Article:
July 23, 2024

Often the relationship between a band and their label can be contentious. But rarely is it made public – or at least as public as Pop Evil made it.

On the second day of the ‘11 Rock on the Range Festival in Columbus, OH, Pop Evil, apparently frustrated with their distributor (Universal Music), tore up their contract on stage. Spin.com later called it one of the “10 Best Moments of Rock on the Range.” The group subsequently signed with eOne Music where they released “War Of Angels,” a month and a half later.

Pop Evil began a decade earlier in Muskegon, MI. Leigh Kakaty (vocals), Dave Grahs (guitar), Jamie Nummer (bass) and Dylan Allison (drums) were the founding members with Tony Greve, originally a temporary studio musician on the band’s sessions, becoming a full member in ’07. At that point, Nummer left for personal reasons and was replaced by Matt DiRito.

Following a series of EPs, Pop Evil’s ’08 debut full-length studio album, “Lipstick On The Mirror,” with “Hero,” “Somebody Like You” and “100 In A 55” was released on an independent label distributed by a Universal Music Group subsidiary.

Less than six months after the release, Pop Evil signed with Universal Records. “Lipstick On The Mirror” was re-mixed and re-mastered and had a new song, “Stepping Stone,” for the reissue.

“100 In A 55” cracked the Top 10 (#8) on the Active Rock survey where it charted for thirty weeks as Pop Evil supported Judas Priest on their “British Steel (album) 30th Anniversary North American tour.”

Pop Evil’s sophomore full-length set was delayed due to “conflicts out of the band’s control.” Apparently though, things were within the band’s control after the outburst at Rock on the Range.

Shortly after filming the video for “Monster You Made,” a track from the “War Of Angels” album, Allison had emergency surgery for a fractured neck vertebra and was not able to continue. Josh Marunde (nicknamed “Chachi Riot”) filled in on drums.

As fans of the Michigan Wolverines, Pop Evil released “In The Big House,” which was used to pump-up the team and fans during home football games. The “Big House” is the nickname of Michigan stadium (the largest in the U.S.).

In ’12, the band announced on its Facebook page that Greve had left. The band toured with fill-in guitarist Nick Fuelling, who eventually was named Greve’s permanent replacement.

Months later, “Boss’s Daughter” reached #8 on Active Radio charts. Perhaps the music video helped. It featured appearances by Motley Crue’s Mick Mars and Playboy Playmate Jessa Hinton.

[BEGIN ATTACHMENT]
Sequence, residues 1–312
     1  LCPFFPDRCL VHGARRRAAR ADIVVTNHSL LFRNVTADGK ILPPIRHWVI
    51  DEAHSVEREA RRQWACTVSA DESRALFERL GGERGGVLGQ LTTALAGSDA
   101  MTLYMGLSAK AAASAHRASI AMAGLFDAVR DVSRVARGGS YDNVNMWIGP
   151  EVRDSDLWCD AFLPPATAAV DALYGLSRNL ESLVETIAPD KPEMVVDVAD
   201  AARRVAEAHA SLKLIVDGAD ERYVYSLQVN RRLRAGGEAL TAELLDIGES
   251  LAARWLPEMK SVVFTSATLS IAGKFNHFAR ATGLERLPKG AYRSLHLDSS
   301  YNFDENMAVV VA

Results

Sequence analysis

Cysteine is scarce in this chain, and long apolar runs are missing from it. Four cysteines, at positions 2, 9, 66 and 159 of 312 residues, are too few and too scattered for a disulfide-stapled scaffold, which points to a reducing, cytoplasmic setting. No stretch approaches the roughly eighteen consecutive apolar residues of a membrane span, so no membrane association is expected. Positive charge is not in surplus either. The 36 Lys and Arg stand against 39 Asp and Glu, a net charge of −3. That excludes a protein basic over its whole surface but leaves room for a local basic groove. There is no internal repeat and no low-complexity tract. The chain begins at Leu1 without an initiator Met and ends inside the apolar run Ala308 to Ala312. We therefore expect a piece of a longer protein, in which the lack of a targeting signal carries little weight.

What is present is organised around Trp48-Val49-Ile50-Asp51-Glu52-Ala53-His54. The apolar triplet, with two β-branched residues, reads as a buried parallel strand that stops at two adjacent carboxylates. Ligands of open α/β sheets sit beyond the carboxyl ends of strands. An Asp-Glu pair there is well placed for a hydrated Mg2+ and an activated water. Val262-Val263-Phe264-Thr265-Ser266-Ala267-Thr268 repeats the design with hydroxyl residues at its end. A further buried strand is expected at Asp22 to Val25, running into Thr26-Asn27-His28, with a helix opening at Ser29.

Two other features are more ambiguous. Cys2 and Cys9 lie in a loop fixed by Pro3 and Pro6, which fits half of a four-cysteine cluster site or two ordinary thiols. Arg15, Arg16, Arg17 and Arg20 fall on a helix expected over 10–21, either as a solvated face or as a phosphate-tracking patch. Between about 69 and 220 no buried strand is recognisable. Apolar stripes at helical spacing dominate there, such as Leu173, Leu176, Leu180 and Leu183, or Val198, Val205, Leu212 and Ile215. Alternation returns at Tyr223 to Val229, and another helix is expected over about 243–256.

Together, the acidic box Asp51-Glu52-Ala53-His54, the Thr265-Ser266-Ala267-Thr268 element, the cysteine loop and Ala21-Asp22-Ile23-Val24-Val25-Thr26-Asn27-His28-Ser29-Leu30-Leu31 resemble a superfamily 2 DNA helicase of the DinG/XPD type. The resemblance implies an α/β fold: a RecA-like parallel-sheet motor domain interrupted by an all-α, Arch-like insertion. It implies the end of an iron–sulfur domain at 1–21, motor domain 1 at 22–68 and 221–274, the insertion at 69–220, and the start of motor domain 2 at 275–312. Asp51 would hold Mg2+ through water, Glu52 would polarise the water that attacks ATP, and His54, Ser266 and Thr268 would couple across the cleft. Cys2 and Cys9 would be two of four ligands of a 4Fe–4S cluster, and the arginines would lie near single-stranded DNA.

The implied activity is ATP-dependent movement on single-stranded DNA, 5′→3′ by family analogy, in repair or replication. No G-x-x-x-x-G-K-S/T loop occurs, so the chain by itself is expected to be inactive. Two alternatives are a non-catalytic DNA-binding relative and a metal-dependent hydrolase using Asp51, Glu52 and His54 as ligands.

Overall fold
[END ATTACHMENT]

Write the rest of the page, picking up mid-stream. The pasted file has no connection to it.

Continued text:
“Onyx,” a ’13 release, featured the song “Trenches” which became Pop Evil’s first national #1 single on Rock Radio.

“Up,” was produced by Adam Kasper (Soundgarden, Foo Fighters and Pearl Jam). The album peaked at #25 on the Billboard 200 but went to #1 in the Independent Album chart.

Months later, Marunde announced his decision to leave after a five-year run (to explore other opportunities and spend more time with family).  He was replaced by Hayley Cramer who hailed from Brighton.

After doing a ‘dark’ album (“Onyx”) then a ‘lighter’ effort (“Up”), Pop Evil wanted an album that defined them and returned to their core.  That led to the decision to self-title their ’18 album, the band’s fifth studio effort.

The lead single “Waking Lions,” went to #1 on the Billboard Mainstream Rock Songs chart. 

Months later, Pop Evil began work on their sixth studio effort, “Versatile.” To promote the May, ’21 release Pop Evil planned a short tour.  But before the trek could get underway drummer Hayley Cramer, a U.K. based musician who joined Pop Evil in ’15, stated she would miss the first couple of weeks of the U.S. tour because of COVID-19 travel restrictions.

On the heels of that news, DiRito announced his departure from the band after fourteen years. 

Still, Pop Evil pressed on performing at the Upheaval Festival in Grand Rapids, MI.  It was the band’s first show with drummer Jason Hartless and bassist Joey “Chicago” Walser.

Unfortunately, Kakaty soon tested positive for COVID-19 forcing concerts to be rescheduled.

On the plus side, “Versatile” peaked at #21 on the Billboard’s Top Hard Rock Albums chart with the track “Breathe Again” becoming another #1 on the Billboard Mainstream Rock chart.

Kakaty said the band stripped “everything down to the bones” when recording “Skeletons.”  “It’s more uptempo, it’s got bigger riffs, and we’re trying to capture the energy of our live show,” added Kakaty.

The ’23 album has the singles “Eye Of The Storm” and “Paranoid (Crash & Burn).”

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